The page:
March 13, 2023 6:00am

Triangle respondents prefer Stein in governor’s race, but most predict another split ticket

Most respondents back Josh Stein over Mark Robinson in this very, very early poll.

Photo of Leigh Tauss
Research Triangle Correspondent

It may seem early to start talking about the 2024 race to replace Gov. Roy Cooper – and for that matter the presidential race – but speculation is well underway that we are in for a face-off between Attorney General Josh Stein and Lt. Gov. Mark Robinson. The two couldn’t be more different candidates; Stein, the favored pick of the state’s Democratic establishment and Robinson, a controversial firebrand appealing to Donald Trump’s conservative base in the state.

Our latest poll shows strong local support for Stein. But however North Carolina swings in the Governor’s race, most respondents say the state’s history of splitting tickets and siding with different parties for the federal and state races will likely prevail.

The evidence is in their favor. To wit; there's only been one Republican governor in the last three decades, however, in that time the state has only leaned Democrat once federally – for Barack Obama in the 2008 election. But with North Carolina coming out of six years of Democratic control, a contentious presidential election could boost Republican turnout.

If Triangle Power Pollers could decide the election, Stein would win in a landslide. Sixty percent of folks that responded to this month's survey say they prefer the seasoned Democrat in the race, as opposed to the 24 percent that back Robinson. But another 12 percent say they'd rather vote for someone – anyone – else. And while a slew of other candidates will inevitably jump into the race, without a big shift or scandal, party support will likely continue to coalesce around Stein and Robinson.

The Triangle has leaned strongly blue for a while, so Stein will inevitably do well locally. Whether he can win over more urban parts of the state and snag a sizable chunk of independent voters remains to be seen.

Even if Stein will have a relatively easy time swaying local voters, our respondents don't seem confident that will translate into a Democrat in the White House. A little more than half of those surveyed said they think voters are likely to split ticket once again, and a Democratic governor could come with the state favoring a Republican president, or visa versa. Thirty percent of you think North Carolina voters will go all in on one party for the top federal and state races, while another 18 percent were unsure.

Digging deeper into North Carolina's bipolar voting habits, our members had a lot to say! Some folks blamed the growing rural-urban divide, while others blamed gerrymandering and an inherit distrust in the process. Here are some of my favorite responses:

"Several of the more recent Democratic governors have roots in Eastern North Carolina, which provides some support that might otherwise go to a Republican candidate. The 2008 Presidential race saw a heavier diverse turnout.'

'The national democratic party is unable to break free of the kind of neoliberalism that characterized the Clinton/Obama period and is therefore unable to appeal to the poor and working classes of NC. Sometimes the NC democratic party does better."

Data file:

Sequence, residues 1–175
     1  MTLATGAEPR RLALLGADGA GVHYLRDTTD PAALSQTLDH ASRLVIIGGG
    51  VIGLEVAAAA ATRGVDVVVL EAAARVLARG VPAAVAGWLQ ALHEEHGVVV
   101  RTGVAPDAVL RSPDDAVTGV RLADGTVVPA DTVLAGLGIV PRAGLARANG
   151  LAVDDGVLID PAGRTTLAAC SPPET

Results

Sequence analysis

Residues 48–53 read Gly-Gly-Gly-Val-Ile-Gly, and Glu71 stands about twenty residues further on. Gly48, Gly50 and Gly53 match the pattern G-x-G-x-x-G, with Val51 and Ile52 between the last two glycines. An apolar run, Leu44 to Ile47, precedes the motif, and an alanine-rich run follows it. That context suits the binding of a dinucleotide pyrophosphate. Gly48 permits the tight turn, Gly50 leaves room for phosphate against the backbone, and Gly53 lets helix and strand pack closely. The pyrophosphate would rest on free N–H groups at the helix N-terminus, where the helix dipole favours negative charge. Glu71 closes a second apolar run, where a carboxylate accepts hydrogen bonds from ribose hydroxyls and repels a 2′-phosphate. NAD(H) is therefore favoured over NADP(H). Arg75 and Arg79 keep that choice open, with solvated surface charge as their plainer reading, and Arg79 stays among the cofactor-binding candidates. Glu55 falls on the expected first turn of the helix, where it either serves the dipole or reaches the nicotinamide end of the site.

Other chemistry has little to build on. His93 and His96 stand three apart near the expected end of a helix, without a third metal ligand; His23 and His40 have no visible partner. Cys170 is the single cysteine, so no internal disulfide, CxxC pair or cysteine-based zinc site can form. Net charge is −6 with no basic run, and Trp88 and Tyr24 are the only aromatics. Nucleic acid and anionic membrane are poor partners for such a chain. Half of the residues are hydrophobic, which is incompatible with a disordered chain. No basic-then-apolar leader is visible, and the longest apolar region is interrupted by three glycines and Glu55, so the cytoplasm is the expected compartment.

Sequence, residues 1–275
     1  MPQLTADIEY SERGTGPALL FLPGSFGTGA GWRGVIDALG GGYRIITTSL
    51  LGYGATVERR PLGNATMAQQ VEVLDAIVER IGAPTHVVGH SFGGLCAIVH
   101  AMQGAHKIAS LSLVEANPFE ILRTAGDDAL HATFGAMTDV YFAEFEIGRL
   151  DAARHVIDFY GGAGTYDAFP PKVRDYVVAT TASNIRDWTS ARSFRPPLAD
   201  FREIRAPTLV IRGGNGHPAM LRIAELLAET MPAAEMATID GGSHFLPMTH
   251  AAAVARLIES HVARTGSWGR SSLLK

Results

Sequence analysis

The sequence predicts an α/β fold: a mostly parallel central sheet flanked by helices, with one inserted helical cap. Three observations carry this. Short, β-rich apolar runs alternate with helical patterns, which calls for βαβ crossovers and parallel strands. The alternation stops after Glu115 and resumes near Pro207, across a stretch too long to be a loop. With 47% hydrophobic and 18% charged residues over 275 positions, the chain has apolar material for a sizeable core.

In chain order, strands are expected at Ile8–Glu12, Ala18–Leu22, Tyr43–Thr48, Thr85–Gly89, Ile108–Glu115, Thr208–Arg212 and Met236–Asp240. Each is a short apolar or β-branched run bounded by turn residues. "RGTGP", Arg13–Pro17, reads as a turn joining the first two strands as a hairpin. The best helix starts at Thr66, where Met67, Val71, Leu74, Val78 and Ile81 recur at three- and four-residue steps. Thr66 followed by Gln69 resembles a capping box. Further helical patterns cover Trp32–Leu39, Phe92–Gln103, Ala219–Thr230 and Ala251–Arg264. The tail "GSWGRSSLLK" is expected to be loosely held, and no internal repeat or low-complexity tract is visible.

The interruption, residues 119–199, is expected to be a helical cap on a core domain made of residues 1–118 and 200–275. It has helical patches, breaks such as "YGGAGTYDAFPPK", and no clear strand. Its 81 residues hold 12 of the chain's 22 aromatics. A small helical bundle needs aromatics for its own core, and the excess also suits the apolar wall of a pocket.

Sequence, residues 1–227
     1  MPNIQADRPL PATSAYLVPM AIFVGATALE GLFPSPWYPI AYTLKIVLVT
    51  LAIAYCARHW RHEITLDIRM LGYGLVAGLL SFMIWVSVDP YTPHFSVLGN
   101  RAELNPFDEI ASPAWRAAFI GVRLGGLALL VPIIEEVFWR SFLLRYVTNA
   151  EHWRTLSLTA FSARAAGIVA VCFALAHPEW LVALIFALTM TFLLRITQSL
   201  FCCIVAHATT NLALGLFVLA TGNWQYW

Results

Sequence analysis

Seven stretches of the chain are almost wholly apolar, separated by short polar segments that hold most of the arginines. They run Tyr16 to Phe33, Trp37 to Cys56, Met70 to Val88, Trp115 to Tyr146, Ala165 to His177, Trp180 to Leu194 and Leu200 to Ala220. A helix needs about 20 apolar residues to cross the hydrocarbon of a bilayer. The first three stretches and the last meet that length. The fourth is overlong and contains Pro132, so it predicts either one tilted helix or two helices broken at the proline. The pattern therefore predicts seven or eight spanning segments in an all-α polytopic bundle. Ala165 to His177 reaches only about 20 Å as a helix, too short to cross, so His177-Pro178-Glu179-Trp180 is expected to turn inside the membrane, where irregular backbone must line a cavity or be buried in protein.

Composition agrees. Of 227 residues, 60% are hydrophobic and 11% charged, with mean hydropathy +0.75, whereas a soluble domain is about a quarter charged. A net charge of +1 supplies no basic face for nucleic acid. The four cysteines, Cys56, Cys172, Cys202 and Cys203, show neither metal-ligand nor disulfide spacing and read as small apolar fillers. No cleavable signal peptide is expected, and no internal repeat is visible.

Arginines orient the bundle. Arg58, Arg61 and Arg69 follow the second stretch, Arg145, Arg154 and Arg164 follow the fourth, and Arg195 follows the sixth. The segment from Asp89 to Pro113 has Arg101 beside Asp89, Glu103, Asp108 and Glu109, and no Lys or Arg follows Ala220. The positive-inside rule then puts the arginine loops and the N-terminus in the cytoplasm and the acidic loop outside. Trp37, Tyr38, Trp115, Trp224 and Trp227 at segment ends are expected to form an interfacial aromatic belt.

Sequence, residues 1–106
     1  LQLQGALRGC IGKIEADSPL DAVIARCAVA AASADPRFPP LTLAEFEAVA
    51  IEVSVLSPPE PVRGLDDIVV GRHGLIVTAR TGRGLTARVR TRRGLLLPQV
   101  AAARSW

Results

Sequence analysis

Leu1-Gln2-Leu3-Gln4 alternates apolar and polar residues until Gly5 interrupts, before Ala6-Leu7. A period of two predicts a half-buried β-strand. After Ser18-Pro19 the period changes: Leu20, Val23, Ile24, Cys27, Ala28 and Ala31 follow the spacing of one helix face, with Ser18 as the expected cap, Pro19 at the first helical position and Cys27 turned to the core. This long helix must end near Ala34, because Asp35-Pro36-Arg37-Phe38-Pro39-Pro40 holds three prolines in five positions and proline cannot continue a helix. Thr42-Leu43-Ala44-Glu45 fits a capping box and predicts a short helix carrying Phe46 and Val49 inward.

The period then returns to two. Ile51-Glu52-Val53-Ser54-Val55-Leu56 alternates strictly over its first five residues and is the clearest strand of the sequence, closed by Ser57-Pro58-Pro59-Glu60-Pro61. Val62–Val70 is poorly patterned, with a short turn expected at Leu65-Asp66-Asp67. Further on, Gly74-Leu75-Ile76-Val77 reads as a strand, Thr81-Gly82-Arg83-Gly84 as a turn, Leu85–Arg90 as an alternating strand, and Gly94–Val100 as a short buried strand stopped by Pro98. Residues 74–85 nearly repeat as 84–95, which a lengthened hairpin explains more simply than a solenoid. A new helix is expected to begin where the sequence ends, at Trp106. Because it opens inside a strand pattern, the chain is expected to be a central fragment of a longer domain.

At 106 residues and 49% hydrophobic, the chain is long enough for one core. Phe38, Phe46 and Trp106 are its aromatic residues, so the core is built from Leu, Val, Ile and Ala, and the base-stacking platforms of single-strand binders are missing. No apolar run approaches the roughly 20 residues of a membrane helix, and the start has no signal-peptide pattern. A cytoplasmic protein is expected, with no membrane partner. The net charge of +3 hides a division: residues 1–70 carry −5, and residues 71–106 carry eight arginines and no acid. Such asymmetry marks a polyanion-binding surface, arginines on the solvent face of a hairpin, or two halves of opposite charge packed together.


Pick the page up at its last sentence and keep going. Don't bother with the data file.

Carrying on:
"The democratic party is failing the country at this time, whether you are Republican, independent or democratic, you can ignore inflation, crime, and the unsettling foreign-policy across the globe. Our country looks weak and we need strong leaders right now. Even down to the state level.'

"Desire to preserve our state level conservative bias while avoiding the toxic nature of the recent candidates Republicans have put forward nationally'

"We are a purple state that leans red in mid-term years when voter turnout is lower."

"Gerrymandering protects legislators from normal electoral swings. Pat McCrory's incompetence opened the door for Roy Cooper to demonstrate competence."

"The lack of qualified republican governors who can win the independent vote."

"I think voters in the middle do not vote strictly on party lines."

"I think that it is a good thing because State and Federal issues are quite different I am registered Republican voter but think that the election of Mr. Robinson as govenor would set our great State of NC back quite a few years in terms of progress in many areas.'

"I think it comes down more to the candidates themselves. Pat McCrory was a great Governor but got a bad rap because of the bathroom bill which was ridiculous. Josh Stein is likely more well known and is likely going to beat Mark Robinson as they will paint Mark as an extremist/far right candidate."

"I think most people are reasonably happy with our state government as is but I think they have different expectations for the federal government."

Despite the chicanery surrounding elections, most of you say you are still confident in the process! That's really a beautiful thing.

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About Power Poll: Power Poll asks questions of the most powerful, influential people in U.S. cities. It is not a scientific survey. But because the people responding to the surveys comprise the leadership structure of their cities, the results afford a fascinating glimpse into the thoughts, opinions, and beliefs of those in a position to make change. Power Poll is distinctly nonpartisan.

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